Anchored by Jake Tapper, The Lead airs at 4 p.m. ET on CNN.
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One brave bookkeeper near Atlanta potentially saved a school full of children from what could have been an all-too familiar nightmare.
Suspected shooter Michael Brandon Hill was allegedly armed with an AK-47 and off his medication when he entered Ronald E. McNair Discovery Learning Academy.
Antoinette Tuff was not armed in the literal sense but she had a weapon of her own – her words.
"He said that no one loved him and I told him that I loved him and that he was going be okay, that we were going get out safely,” Tuff told ABC. “Then I told him that if he would just go ahead and surrender, since he hadn't hurt anyone, I would stay there with him until they came to get him."
Tuff helped the suspect unpack his extra ammunition and put down his weapon.
She's a hero.
Still, the question remains: should Tuff, and school faculty members like her across the country have the right to be armed with more than her wits?
The nation’s top intelligence official is making public three secret court opinions outlining how the National Security Agency collected tens of thousands of emails from Americans with no connection to terrorism.
It all comes amid the deluge of accusations that the government has been unlawfully breaching the public’s privacy in the name of national security.
In October 2011 James Clapper, the Director of National Intelligence, proactively came to the court and explained how the NSA had collected citizens’ content and metadata. The NSA agreed to find new ways to remove domestic data and internet traffic from its collections. That promise was made three years ago and the NSA failed to keep it.
Today, the FISA Court judge accused the NSA of misrepresenting what it’s been doing for three years.
“The judge was essentially catalouguing all the things the NSA was doing,” said CNN’s Justice Reporter Evan Perez.
“In essence the NSA had been telling the court it had been doing a certain amount of this but it was taking care to make sure all of the domestic data was left out, and it wasn’t doing that,” Perez explained.
The FISA Court’s action against the NSA proved both that it isn’t just a rubber stamp, and that it is limited in what it can accomplish.
“The court has really no leeway," said Perez. "They can order the government to follow the law but if the government doesn’t follow the law there’s really nothing the court can do.”
Reminiscent of the angry townhalls about Obamacare in 2009, the Republicans are bringing back the movement, but this time there is an unexpected twist.
Last night Republican Senator Ted Cruz, one of the leading voices of the movement and a recent favorite for 2016, discovered that some members of his party aren't as receptive to the message anymore. He was heckled multiple times during a speech he gave at his Obamacare town hall.
The battle against Obamacare is being fought state by state. As the launch of the healthcare exchange inches closer, Republicans such as Cruz say this is the GOP’s last and best chance to kill the bill that will impact millions of Americans.
In Florida, Republican Gov. Rick Scott supports replacing Obamacare and is fighting his own battle on the state level.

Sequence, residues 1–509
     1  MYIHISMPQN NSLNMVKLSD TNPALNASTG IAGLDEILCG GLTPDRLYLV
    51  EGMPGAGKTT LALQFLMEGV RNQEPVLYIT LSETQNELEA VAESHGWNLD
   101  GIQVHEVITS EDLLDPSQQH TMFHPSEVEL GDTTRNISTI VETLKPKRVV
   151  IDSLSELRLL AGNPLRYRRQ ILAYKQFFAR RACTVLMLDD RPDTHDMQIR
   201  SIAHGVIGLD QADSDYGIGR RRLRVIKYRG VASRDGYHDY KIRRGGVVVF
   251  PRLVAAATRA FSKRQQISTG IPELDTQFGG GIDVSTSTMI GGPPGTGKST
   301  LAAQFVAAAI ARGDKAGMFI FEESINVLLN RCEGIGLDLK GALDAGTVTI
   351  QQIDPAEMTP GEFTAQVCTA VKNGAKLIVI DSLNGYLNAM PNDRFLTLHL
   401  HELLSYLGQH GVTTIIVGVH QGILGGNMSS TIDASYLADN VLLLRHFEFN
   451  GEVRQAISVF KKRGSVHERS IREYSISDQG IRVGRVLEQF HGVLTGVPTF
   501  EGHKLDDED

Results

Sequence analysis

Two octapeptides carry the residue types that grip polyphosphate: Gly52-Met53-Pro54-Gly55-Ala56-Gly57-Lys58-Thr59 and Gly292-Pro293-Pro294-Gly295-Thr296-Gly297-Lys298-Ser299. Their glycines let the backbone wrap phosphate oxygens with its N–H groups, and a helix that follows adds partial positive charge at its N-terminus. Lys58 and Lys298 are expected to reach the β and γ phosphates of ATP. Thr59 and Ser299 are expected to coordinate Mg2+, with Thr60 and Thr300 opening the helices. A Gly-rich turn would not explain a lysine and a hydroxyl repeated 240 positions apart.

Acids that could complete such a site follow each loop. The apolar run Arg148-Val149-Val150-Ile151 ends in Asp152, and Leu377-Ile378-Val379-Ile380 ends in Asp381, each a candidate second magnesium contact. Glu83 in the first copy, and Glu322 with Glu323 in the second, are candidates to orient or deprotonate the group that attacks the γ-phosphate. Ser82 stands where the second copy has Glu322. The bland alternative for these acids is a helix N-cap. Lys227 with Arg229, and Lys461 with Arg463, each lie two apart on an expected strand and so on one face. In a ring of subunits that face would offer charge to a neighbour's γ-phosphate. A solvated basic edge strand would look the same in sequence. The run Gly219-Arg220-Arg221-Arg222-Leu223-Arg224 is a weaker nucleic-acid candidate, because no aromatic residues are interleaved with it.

“Obamacare is going to cause a lot of problems. It's not a good law. I did not support it,” the governor said. “They are going to have to figure out how they are going to replace it with something that proves to have quality, access, and reduces the cost. However they do that, is the right thing to do.”
While voicing his dissatisfaction with Obamacare, Scott never supported Sen. Cruz and Sen. Marco Rubio's plan to refuse to fund the government unless money for Obamacare is taken out of the budget.
He is more concerned about healthcare “navigators.”
One year ago this week, President Obama laid down the line on chemical weapons in Syria.
“We have been very clear to the Assad regime but also to other players on the ground that a red line for us is we start seeing a whole bunch of chemical weapons moving around being utilized,” Obama said. “That would change my calculus. That would change my equation.”
Amid brand new allegations of a barbaric gas attack in the war-ravaged country, Bloomberg View columnist Jeffrey Goldberg argues, even if that red line exists, the President has no intention to do anything to punish Assad for crossing it.
“Assad believes that no one – not the UN, not President Obama, not other Western powers, not the Arab League – will do a darn thing to stop him,” Goldberg wrote.
Syria is again denying this latest round of gas attacks happened, dismissing video released by activists showing scores of dead children in a makeshift morgue as propaganda.
Most NFL watchers have moved beyond being tired of shelling out cold hard cash for a pair of nose-bleeds and a case of frost-bite. Now, they’re merely weary from forking over money to Direct TV for the satellite provider’s “Sunday Ticket” package, which lets football fanatics watch every game, every Sunday.
And Google is taking notice.
The tech-giant wants to stream NFL games on YouTube and is reportedly in talks with the NFL to buy the rights to its “Sunday Ticket” package, according to the industry blog, “All Things D.” The report says Google CEO Larry Page met with an NFL delegation, including commissioner Roger Goodell and the league’s broadcast rights – Direct TV’s exclusive deal with the league expires at the end of the 2014 NFL season – were among the topics discussed.
But even if the NFL’s front office thinks Google can revolutionize how fans watch the game, Deadspin.com Editor Tim Burke predicts the path from small screen to your laptop won’t be seamless.